By Shane Gericke
What would I do if I couldn't write? I mean, besides jump off a cliff?
I'd turn back to what I did in the Nineties, when forced to take a year off from writing to recover from crippling injuries to my neck and shoulder:
I started writing professionally when Nixon was in office. Back then, ergonomics was Latin for, I don't know, Aw, Ya Gotta Owie? Get Back to Work, You Loser or something. All I know is that I worked a whole lot of hours in my quest for glory in the newspaper racket I'd adored since I was a kid, and cutting back cause my neck ached and arms twitched wasn't part of the plan.
I know, I know: Is "idiot" one T or two?
By 1993, all those years of sitting on straight-backed kitchen chairs whilst juggling computer keyboards, typewriters, layout sheets, pica poles, proportion wheels, and telephones stuffed between ear and shoulder (for taking dictation from field reporters) finally caught up with me: the muscles and tendons of my neck, shoulders and upper back locked up like concrete. It was so awful my head flopped down onto my left shoulder and stayed there. My local orthopedic doctor said the white suburban version of "Ay, carumba!!!" and hustled me off to the Rehabilitation Institute of Chicago to repair what threatened to cripple me permanently.
Long story short, they were miracle workers, those Rehab specialists, and I freely did sing their mighty praises, even while they inflicted pain, though of the Happy Shiny Therapeutic variety, so everyone proclaimed it All Right. Problem was, it also meant I couldn't touch a keyboard for six months to a year. It would take that long to coax those muscles and tendons from their cast-iron rigidness to their normal state of grace.
Talk about pain.
Most everything else was permitted, though. So I read a lot. I worked around the house. Attended rehab. Chatted with neighbors. Did the laundry. Discovered socks and undies do procreate in the hamper . . .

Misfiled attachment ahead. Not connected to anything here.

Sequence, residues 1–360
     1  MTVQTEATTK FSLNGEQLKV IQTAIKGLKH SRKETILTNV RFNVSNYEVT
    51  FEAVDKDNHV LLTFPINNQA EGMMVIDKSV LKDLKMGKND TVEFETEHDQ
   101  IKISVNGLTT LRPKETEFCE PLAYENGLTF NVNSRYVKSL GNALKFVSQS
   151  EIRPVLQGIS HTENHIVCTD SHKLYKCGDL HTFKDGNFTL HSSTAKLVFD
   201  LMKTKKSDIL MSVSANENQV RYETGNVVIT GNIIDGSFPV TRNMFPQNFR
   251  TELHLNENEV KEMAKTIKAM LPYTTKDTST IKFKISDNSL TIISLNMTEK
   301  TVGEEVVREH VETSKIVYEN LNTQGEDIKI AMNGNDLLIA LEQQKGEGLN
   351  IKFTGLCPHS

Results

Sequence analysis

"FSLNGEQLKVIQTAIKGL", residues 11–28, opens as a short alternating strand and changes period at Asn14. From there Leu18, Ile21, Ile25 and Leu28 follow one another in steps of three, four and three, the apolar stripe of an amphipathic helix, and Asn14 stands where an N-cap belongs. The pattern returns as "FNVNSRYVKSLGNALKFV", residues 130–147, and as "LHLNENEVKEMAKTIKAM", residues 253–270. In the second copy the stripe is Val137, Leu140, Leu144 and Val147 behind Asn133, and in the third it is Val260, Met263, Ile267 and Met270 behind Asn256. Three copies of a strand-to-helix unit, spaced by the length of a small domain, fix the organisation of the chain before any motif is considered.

I was bored out of my skull. I missed not being able to create stuff.
So I picked up a brush and a set of watercolors and began to paint. The creative juices began to flow, and I turned out some decent work. (Along with a lot of crap. Momumental crap. Crap to choke the universe. But hey, it was creative crap, so like the pain, it was All Right.
More important, it was fun, and engaged my mind completely.
I came by painting honestly. My maternal grandmother worked with oils and acrylics. My father worked in pencil. My mother sang with a barbershop chorus, and my paternal grandmother told tall tales whose endings changed with every retelling. All that creativity wormed its way into me, and came out in the forms of writing and painting. I couldn't do one, so I went with the other. I eventually got good enough to sell a few paintings in a halfway decent art gallery, but that wasn't the point. I was doing it to keep my head in the game till I got back to my real love:
Painting with words.
And because you can read them now, I guess I succeeded.
Accompanying this essay are a few of the paintings I did during my Year of Living Painfully. The horses and riders remain my favorite. The boxers were a political statement: look closely, you'll see the pale white guys in the audience urging the non-white boxers to beat each other bloody for their entertainment. Sailing explains itself, the one on the mountaintop was inspired by a trip to Mexico, and the kite was painted on a dank dark day in October--hence the moodiness.